Lastly. The Fraser River discharges a average of 3,475 cubic meters of FRESH water into the ocean per second. The lowest ever recorded discharge was 575 cubic meters of water per second. The highest ever monthly consumption of water in metro Vancouver ever recorded was in July 2003 and was a average of 1638 million cubic liters of water per day. Convert that to cubic meters of water per second and you get 18.9583 cubic meters of water per second. Less then 1/30th of the all time record low discharge of the Fraser river. Or one 184th of the average flow. And while on the topic Fraser River flow was over 17,000 cubic meters of water per second, at Hope.

And also to be clear, Stave lake, Alouett lake, Harrisson lake, Chechalis lake, Chilliwack lake, and all the other smaller lakes hold a incredible amount of fresh water. I mean we could provide water for probably all of North America easily if we utilized all our local sources.
The Fraser is way too dirty to use for water. We use it to drive industrial-port grade ships on. Also, runoff from the old Sumas Lake area makes it even worse. Also, it would become increasingly brackish with climate change.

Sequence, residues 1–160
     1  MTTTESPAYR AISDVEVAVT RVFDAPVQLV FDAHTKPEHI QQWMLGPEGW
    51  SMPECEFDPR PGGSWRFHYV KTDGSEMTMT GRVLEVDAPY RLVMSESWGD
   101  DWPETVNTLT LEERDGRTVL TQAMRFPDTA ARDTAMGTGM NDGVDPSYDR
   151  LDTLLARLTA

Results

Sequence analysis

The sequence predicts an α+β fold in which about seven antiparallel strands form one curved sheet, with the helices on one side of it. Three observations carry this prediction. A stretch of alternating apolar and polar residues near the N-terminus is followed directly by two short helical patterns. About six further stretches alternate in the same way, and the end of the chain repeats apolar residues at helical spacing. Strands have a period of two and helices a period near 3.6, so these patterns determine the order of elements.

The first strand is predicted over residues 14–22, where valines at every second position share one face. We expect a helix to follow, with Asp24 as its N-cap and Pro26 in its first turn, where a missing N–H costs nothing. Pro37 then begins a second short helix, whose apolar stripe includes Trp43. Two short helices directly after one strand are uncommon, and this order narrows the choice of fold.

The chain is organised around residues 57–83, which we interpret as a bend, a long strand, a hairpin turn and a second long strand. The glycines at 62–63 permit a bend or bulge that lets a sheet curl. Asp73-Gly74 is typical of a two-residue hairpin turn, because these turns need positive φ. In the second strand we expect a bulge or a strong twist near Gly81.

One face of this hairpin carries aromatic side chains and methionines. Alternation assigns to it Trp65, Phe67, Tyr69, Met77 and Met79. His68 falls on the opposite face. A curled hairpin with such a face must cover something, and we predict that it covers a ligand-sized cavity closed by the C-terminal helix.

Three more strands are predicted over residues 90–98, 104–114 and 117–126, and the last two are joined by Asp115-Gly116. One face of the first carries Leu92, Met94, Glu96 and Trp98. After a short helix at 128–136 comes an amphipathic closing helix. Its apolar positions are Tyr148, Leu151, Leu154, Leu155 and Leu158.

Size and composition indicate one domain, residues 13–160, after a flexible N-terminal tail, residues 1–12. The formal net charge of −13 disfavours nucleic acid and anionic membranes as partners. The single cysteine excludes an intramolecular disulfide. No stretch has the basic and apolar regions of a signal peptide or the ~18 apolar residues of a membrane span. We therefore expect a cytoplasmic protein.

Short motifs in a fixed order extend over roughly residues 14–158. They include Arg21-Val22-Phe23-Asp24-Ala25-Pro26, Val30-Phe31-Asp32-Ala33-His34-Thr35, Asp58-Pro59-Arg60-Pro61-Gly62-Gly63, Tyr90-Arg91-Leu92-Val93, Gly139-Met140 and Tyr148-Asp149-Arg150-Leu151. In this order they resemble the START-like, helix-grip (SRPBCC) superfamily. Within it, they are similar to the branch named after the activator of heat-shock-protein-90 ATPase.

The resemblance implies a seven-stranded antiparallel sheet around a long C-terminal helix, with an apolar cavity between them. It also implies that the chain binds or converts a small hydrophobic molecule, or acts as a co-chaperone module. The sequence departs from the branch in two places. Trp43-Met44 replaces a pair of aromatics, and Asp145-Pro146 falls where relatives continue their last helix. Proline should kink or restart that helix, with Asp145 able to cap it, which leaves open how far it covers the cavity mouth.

Chilliwack Lake is too far. Chechalis Lake is probably too small to be worth it without damming. How much would damming expand its capacity?
Harrisson Lake also has some quality issues from the Hot Springs area. Stave Lake experiences significant agricultural runoff from Miracle Valley.


I mean, I guess you could use the Harrison or Stave for agricultural irrigation only, since quality is less essential there...
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  #53  
Old Posted Mar 3, 2017, 10:27 PM
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Originally Posted by Caliplanner1 View Post
Foolish me...and there I am thinking that "climate change" (via the industrial revolution etc.) does impact water infrastructure (even if its the icebergs sinking ships)......
Not at all, when writing that comment I had exactly what you said in mind. I just doubt that someone in denial of such overwhelming evidence is ever going to be won over by this medium so I have given up!
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  #54  
Old Posted Mar 5, 2017, 6:55 PM
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Originally Posted by fredinno View Post